Google is Evil: Google’s removal of parked domains was planned all along

The latest announcement by Google that they will quietly but surely begin to remove parked domains from their searchable index, comes as no surprise.

Google said among other things that:

[…] a new algorithm for automatically detecting parked domains. Parked domains are placeholder sites that are seldom useful and often filled with ads. They typically don’t have valuable content for our users, so in most cases we prefer not to show them.

But that’s not news for the savvy domainers that park domains among other methods of portfolio monetization.

Google hinted about it when they forced the parking companies to remove URL forwarding from the options offered to customers and utilize DNS instead!

Why was that a catalyst move?

With URL forwarding, anyone can use any DNS server of their liking to host domains that are essentially parked. Google’s new algorithm is not quite that revolutionary but rather, it queries the domains for particular DNS servers.

In other words, if it sees Sedo, Parked, DomainSponsor etc. DNS servers, it classifieds the results as coming from a parked domain. Google would not be able to do the same thing as easy with URL forwarding and its plethora of DNS options.

Simple as that.

We aren’t sure what is the case with Frank Schilling‘s thus far but if Google de-indexes all PPC companies without any discrimination, then those that moved their domains en masse to Frank’s latest project will see some disappointing results during the upcoming holiday season.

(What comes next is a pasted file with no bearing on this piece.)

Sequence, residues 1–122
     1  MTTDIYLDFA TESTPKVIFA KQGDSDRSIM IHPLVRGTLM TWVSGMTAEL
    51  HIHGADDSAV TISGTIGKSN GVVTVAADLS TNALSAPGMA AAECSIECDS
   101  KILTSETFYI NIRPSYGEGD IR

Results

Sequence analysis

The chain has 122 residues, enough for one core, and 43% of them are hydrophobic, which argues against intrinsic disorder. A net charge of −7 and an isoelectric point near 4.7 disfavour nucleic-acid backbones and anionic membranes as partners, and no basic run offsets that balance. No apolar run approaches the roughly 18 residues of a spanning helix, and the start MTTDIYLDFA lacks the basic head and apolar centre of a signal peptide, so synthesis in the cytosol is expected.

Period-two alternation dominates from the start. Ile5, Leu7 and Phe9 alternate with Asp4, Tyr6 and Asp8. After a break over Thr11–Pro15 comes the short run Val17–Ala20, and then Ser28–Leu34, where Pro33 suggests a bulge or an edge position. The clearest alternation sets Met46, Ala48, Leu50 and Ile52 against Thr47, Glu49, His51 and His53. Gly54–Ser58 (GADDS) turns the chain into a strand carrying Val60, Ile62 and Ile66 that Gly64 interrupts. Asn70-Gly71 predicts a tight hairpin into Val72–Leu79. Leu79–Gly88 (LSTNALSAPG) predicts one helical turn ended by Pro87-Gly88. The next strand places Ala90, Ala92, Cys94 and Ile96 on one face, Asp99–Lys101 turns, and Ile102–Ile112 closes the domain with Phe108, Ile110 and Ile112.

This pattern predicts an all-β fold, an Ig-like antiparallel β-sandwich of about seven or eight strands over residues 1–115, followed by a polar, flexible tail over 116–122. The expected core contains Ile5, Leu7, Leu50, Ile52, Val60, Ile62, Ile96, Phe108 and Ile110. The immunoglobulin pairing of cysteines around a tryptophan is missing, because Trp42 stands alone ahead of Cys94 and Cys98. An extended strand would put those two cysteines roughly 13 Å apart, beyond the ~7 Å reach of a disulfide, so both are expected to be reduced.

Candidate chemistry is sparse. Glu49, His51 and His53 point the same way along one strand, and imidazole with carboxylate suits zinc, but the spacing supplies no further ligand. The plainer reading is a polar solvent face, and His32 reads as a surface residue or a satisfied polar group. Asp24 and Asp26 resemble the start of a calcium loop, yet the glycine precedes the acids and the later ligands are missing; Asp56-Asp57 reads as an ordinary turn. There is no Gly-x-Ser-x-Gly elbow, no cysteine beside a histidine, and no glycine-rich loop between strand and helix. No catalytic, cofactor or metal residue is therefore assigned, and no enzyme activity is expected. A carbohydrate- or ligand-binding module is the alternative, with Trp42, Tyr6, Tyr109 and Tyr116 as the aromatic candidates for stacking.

Can you say Google is Evil?

Edit: During the composition of this article, Sedo emailed us the following, in an ironic twist:

As of January 1st 2012, Sedo will no longer pay out parking revenue for any domains parked using URL forwarding, regardless of the advertising provider source. This is based on a decision from our primary online advertiser, Google, who has stated that they will only monetize name-server (DNS) parked domains.

• DNS-parked domains are more secure and less susceptible to downtime.

• DNS-parked domains load more quickly for visitors, resulting in better CTR and ultimately more revenue.

• DNS forwarding settings can be adjusted in bulk by most registrars, whereas URL forwarding must be set up one domain at a time.

Over the last few months we have sent out multiple communications (personalized emails and newsletter articles) reminding you of the required switch and deadlines to secure your parking earnings. Google already tested not monetizing URL forwarded domains for 48 hours between November 14 and 16. Unfortunately, we cannot make this change for you, but we can make it as easy as possible.

Please visit your registrar account to switch to name-server parking now (check whether a bulk change option is possible) by entering the following details:

• Primary name server:
• Secondary name server:


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